TRADOC's Lessons Learned Initiative (L2I) envisions
branch schools having virtual cells in command posts deployed to
theaters and at home stations across the Army. These virtual cells
would provide a greater understanding of the current fight, serve
as a resource for deployed forces to reach back and query, and help
with the horizontal passing of best practices throughout TRADOC
as we develop DOTMLPF solutions for the current force and Future
Combat Force. L2I is more than CALL with additional resources; it
offers an opportunity to better understand and support the operating
force with ARFORGEN training, experimentation, and how we monitor
and police the communities of practice on the Internet. L2I must
be embedded as an integral component of future TRADOC centers of
Redesign TRADOC for excellence. The Army's
new global footprint of forces and the DoD Base Realignment and
Closure (BRAC) directive provide TRADOC an opportunity to change
its internal structures to better support Army needs. Over the decades,
our schools and centers have evolved to meet the needs of their
respective branches, which has resulted in duplicated efforts and
misplaced resources across TRADOC. A COE is an organization that
creates the highest standards of achievement by generating synergy
through effective, efficient integration of functions while reinforcing
the unique requirements and capabilities of the branches.6
the essential requirement is integration, not just colocation. Creating
COEs could break some rice bowls, but it would also build leaner,
more agile, more adaptive organizations.
The COE model (for single and multi-branch
installations) leverages BRAC's momentum by improving combined arms
solutions and DOT- MLPF integration, effectiveness, and efficiency
through synergy and reduction of redundancy, and by optimizing battle
labs to accelerate the development process.
Our COES are organized with four principles
in mind. First, and most important, our efforts must support the
needs of the operational Army, specifically improving how we interface
and provide DOTMLPF solutions. Second, we must develop a common
organizational framework to strengthen synergy and integration among
proponents, which would include horizontal information-sharing,
best practices, and vertical information-passing from within TRADOC
to our enterprise-level partners. third, our structure must support
the TRADOC core functions of recruiting, IMT, leader development
and education, lessons learned, the CTC program, doctrine, training
support, concepts, experimentation, and requirements determination.
Each of these functions requires far greater
integration with the operating force than ever before. Finally,
multi-branch COES will consolidate functions at the center level
to the maximum extent possible while maintaining branch identity
with branch commandants focusing on leader development, education,
and branch functional training.7
The two most well known COES are the Maneuver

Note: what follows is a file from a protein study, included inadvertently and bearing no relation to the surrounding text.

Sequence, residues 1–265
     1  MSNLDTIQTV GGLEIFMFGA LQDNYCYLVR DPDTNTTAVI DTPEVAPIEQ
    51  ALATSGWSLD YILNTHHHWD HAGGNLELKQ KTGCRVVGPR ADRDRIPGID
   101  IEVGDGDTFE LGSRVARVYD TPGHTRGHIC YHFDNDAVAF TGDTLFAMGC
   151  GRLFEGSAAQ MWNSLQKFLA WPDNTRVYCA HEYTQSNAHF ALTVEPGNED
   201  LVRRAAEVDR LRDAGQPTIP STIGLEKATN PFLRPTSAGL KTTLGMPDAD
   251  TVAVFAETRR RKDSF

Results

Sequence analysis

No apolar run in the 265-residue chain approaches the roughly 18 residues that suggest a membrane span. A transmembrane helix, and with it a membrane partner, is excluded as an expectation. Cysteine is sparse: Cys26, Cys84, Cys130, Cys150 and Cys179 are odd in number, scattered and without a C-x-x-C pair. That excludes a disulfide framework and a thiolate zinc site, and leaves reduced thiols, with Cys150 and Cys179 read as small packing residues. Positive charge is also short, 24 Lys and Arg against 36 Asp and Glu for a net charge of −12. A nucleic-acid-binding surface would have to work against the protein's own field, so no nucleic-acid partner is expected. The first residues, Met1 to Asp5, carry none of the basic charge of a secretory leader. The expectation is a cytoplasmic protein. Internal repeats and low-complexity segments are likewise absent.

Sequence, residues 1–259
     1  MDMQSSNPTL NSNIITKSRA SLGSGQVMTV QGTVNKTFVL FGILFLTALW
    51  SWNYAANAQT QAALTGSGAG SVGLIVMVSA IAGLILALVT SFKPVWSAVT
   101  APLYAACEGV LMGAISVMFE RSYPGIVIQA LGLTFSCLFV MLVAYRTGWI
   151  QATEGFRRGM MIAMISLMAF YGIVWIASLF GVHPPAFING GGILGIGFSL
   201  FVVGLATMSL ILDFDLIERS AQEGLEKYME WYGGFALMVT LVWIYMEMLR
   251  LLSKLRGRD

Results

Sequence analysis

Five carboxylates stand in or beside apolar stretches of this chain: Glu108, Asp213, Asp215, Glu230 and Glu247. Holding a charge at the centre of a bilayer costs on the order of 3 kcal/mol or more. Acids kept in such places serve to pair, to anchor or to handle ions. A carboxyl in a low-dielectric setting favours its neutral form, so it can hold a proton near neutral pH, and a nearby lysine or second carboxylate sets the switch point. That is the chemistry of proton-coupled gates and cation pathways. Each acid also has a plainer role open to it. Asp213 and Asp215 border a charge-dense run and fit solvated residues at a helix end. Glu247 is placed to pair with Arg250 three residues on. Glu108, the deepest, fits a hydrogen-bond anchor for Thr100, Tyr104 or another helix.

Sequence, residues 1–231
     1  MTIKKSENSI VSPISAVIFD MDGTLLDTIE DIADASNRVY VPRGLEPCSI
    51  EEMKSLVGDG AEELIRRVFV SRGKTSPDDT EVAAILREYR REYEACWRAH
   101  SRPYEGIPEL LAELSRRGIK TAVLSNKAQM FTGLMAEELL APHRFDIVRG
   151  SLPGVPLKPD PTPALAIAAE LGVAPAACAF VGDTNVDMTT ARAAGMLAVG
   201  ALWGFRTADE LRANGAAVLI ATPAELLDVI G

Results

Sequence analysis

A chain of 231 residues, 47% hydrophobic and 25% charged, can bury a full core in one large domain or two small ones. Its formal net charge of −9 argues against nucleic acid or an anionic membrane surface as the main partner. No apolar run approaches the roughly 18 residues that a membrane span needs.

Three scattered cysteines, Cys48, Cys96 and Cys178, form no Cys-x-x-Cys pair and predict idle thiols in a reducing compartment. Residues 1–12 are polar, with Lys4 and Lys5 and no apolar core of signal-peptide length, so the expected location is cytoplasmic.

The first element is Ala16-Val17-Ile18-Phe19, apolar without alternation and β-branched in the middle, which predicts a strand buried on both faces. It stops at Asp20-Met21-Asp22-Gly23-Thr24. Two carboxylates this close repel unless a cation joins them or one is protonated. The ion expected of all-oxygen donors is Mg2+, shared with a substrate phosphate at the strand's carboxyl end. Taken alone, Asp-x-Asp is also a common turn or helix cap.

Center and Fires Center. Moving the armor Center to Fort Benning
and the Air Defense Center to Fort Sill requires careful planning
to ensure we take care of our Soldiers, their families, and our
great DA civilians. It also requires resources and military construction
to ensure we can train and educate Soldiers to meet the Army's requirements.
However, these are relatively straightforward challenges when compared
to changing TRADOC and Army cultures.
We are all products of our branch schooling,
but that parochialism is in tension with the mindset required for
an expeditionary Army. Developing combined-arms solutions from the
beginning of the DOTMLPF process better serves the needs of the
Army modular force. To ensure that our new structures have capability,
we are developing a dynamic, collaborative network in support of
the Army Knowledge Management System embedded in the COES. Key parameters
include reaching back from deployed units, monitoring ongoing exercises
and experiments, linking to power-generation and power-generation
support platforms, and assisting in home-station training.
Other areas we are exploring include maintenance
and supply functions, neither of which are TRADOC core functions.
Yet, we must have equipment present and operational for training.
We are working closely with the Army Materiel Command (AMC) and
Installation Management agency (IMA) to develop training base equipment
improvement plans to optimize resources and place the experts (AMC
and IMA) in charge. We are also relooking how we think about battle
labs. As TRADOC commander during the early 1990s, General Frederick
Franks instituted the concept of battle labs to experiment with
and test emerging concepts needed for future battlefield functions.8
recently, battle labs have focused largely on branch-specific issues,
and we believe a broader, more functional approach to requirements-determination
might be more useful.
Adapt requirements process. The Army and joint
requirements process is a complex, sequential, prescriptive method
for developing and acquiring materiel solutions for the military.
Its thoroughness is both a virtue and a challenge. It ensures the
product is optimized for its intended purpose and nested across
DOTMLPF, but it is time-consuming, overly bureaucratic, and could
potentially lead to missed opportunities. TRADOC does not own the
process, but as an active participant it must understand it to meet
the needs of the operating force. The Joint Capabilities Integration
and development System (JCIDS) directs the Army's requirement process,
so unilateral changes are not a feasible course of action. However,
TRADOC's enterprise-level perspective obligates us to review the
process and recommend changes as necessary.
The first step is to examine and then reduce
the process itself by applying Lean Six Sigma methods to the development,
staffing, and approval process of requirements determination. Reducing
the staffing process to only two, at the colonel and general officer
levels, and developing automated databases of requirement documents
and supporting analysis, could help to shift the focus from routine
tasks to critical analysis. Additionally, creating a small number
of broadly focused, capability-based assessment categories under
which we can nest smaller requirements will accelerate the process
without being disruptive. TRADOC will conduct rehearsals of concept